Djibouti is bordered by Eritrea in the north, Ethiopia in the west and south, Somalia in the southeast, and the Gulf of Aden in the east. Much of Eritrea is desert, especially in the interior. The coastal plains are low-lying, but gradually rise westward to form a series of mountain ranges with elevations averaging 5,000 feet. The mountain slopes are forested. The terrain beyond features high plateaus and sunken plains; it is a desolate country broken up only by patches of grass and shrubs. This area is roamed by nomadic herdsmen.
Djibouti’s best tourist attraction is its beaches along the Red Sea coast. The best beaches are located at Khor-Ambado and Dorale, which both stretch about 10 miles and offer safe swimming. Another good beach is at Ghoubet al Kharab, noted for its black-lava cliffs that loom over the sands. More beach and water fun can be found at the Gulf of Tadjoura, especially at Obock where waterskiing and windsurfing is popular. You’ll many numerous species of fish as well as coral reefs that provide excellent snorkeling, scuba-diving, and opportunities for underwater photography. The best time to visit is during the winter and spring months when the Red sea is clear.
Lake Assal, which is only an hour’s drive away from the beach at Ghoubet al Kharab is a gem surrounded by lava fields and dormant volcanoes. The lake features one of the lowest surface areas in the world at 570 feet below sea level.
Lake Abbe is another notable lake in Djibouti. It can be reached by driving a 4-wheel drive vehicle, which by the way can be used to windsurf on wheels in the desert areas. At Lake Abbe, visitors enjoy the view of natural steaming chimneys and flocks of pelicans and flamingoes.
Another natural attraction is the Afar Triangle in the Great Rift Valley area of Djibouti. It is one of the hottest and most desolate places in the world. Much of this flat desert stretch is below sea level.
Djibouti is intensely hot. Temperatures generally average over 32° C (85° F). Very little land in the country is arable and there are no river streams or freshwater lakes. Water has to be drawn for irrigation. Rainfall is also erratic. While the highlands receive more than 20 inches a year, the coastal areas get less than 5 inches of annual rain.
Most of the people in Djibouti are nomads, raising cattle, donkeys, camels, and sheep. The country has virtually no natural resources and no arable land. It survives economically mainly as a result of the port of Djibouti, which is a port of call for ships using the Suez Canal. The port is also Ethiopia’s main outlet to the sea, which brings the country some measure of revenue. Half of Djibouti’s income, however, is derived from French aid.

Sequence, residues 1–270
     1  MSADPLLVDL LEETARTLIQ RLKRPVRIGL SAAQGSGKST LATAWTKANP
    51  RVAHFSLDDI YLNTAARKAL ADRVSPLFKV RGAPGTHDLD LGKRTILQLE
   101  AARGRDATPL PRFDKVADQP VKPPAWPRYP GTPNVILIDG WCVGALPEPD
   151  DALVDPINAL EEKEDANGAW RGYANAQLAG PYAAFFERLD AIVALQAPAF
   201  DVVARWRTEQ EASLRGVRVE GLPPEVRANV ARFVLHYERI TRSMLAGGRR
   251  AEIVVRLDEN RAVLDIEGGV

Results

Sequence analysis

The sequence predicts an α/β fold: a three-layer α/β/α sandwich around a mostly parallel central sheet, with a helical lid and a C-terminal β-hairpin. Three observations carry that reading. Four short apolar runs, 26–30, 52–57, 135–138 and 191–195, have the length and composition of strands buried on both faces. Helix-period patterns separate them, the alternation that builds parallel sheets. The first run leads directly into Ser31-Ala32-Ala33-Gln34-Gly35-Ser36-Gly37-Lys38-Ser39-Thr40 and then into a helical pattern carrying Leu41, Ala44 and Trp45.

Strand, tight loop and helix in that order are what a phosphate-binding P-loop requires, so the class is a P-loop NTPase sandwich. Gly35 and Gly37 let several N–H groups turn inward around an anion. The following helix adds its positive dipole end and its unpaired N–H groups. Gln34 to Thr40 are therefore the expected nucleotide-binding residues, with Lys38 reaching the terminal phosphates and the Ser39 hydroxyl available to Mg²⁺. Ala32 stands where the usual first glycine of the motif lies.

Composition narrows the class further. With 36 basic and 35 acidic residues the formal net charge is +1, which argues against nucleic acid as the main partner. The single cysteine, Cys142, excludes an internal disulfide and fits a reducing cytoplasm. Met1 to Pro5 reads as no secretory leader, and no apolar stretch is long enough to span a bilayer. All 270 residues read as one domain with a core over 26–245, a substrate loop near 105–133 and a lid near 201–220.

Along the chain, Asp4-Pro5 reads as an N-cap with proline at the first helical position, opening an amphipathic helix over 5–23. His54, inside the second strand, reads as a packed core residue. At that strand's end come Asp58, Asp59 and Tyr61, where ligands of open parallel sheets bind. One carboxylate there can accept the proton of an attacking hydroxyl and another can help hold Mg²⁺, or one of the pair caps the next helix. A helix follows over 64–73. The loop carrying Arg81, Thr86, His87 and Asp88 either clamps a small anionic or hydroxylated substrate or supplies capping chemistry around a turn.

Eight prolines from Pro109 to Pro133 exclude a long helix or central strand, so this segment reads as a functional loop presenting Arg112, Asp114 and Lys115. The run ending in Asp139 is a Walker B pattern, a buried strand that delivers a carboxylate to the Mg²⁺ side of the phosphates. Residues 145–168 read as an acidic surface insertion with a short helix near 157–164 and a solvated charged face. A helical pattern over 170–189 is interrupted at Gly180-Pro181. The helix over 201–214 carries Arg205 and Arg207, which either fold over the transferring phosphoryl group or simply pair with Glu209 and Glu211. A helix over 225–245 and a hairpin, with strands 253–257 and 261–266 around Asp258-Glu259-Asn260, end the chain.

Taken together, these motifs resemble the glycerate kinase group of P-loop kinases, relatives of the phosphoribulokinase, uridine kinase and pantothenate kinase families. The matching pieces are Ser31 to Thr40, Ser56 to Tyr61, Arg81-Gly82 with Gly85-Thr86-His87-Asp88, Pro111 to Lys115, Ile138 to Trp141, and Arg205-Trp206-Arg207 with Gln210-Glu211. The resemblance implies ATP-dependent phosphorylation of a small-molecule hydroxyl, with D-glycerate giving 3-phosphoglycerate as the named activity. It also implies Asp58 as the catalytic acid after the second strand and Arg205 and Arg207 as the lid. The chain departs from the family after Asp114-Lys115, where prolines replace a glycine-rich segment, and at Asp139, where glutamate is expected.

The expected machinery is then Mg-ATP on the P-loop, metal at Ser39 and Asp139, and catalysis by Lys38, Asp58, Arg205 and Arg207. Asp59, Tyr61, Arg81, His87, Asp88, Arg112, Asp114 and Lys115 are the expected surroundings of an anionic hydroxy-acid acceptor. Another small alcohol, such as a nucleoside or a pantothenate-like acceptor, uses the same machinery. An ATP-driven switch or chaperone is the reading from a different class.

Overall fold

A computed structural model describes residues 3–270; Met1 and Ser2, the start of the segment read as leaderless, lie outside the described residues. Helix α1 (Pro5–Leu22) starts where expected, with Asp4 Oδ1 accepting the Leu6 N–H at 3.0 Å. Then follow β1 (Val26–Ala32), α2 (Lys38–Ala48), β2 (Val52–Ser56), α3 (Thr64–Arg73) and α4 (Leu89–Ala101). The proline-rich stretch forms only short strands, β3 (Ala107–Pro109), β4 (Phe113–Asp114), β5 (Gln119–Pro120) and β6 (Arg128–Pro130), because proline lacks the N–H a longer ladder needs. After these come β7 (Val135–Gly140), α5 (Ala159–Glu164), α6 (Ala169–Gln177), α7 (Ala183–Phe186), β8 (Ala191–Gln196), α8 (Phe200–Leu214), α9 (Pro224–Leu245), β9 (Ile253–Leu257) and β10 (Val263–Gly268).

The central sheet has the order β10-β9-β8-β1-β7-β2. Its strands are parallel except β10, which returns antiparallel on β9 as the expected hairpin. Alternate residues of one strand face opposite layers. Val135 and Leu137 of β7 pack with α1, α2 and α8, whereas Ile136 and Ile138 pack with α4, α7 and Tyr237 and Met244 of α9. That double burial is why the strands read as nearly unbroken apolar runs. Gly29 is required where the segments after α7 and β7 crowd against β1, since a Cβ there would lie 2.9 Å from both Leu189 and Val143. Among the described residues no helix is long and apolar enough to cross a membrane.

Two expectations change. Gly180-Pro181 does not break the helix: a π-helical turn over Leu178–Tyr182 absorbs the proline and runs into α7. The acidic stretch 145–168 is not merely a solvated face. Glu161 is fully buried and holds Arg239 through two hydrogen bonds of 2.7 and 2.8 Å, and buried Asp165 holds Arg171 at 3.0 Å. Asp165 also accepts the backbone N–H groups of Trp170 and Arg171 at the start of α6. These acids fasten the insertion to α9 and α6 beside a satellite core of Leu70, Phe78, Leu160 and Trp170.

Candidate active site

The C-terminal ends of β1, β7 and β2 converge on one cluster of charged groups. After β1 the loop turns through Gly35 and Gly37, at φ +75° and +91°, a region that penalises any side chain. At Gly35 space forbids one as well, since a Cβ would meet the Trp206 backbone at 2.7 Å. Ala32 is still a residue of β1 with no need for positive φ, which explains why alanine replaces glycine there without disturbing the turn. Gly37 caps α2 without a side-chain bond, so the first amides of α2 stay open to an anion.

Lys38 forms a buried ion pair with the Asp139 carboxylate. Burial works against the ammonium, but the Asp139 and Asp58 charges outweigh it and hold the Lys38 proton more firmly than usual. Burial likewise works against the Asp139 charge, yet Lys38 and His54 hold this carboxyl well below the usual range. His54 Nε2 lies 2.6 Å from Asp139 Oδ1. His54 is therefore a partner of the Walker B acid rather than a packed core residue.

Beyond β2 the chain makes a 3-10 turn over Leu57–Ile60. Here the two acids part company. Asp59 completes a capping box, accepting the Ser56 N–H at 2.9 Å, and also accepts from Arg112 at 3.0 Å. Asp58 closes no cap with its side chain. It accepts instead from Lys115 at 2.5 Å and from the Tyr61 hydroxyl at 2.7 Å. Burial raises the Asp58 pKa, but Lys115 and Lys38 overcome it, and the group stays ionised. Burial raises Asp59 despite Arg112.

In ancient times, Djibouti exported frankincense and myrrh. It is recognized in the Gospels as the home country of the Three Wise Men who came bearing gifts to the infant Jesus. In antiquity, salt was traded in Djibouti for its weight in gold and the people depended entirely on transit trade and activities, as they still do today. The country has long been the starting point of migrations from Africa to Asia.
Between the 8th and 10th centuries, Djibouti was conquered by the Arabs, who brought the religion of Islam. For centuries afterwards, the region was isolated from the rest of the world. In 1862, however, tribal chiefs ceded the territory to France. The French expanded the colony south and was able to dominate shipping through the Suez Canal when it opened in 1869 as a result.
In 1967, Djibouti was divided into the French Territory of Afars and the Issas. Both were united and granted independence in 1977. Ethnic violence in the 1980s, early 1990s, and in 2000 resulted in many refugees fleeing to the country from neighboring Somalia, Ethiopia, and Eritrea. During the 1990s, the country suffered from a decade-long civil war between the government and Afar rebel groups. While a peace accord was signed in 2001 and a multiparty system introduced, Djibouti continues to be plagued even today by ethnic tensions between the Afars and the Issas.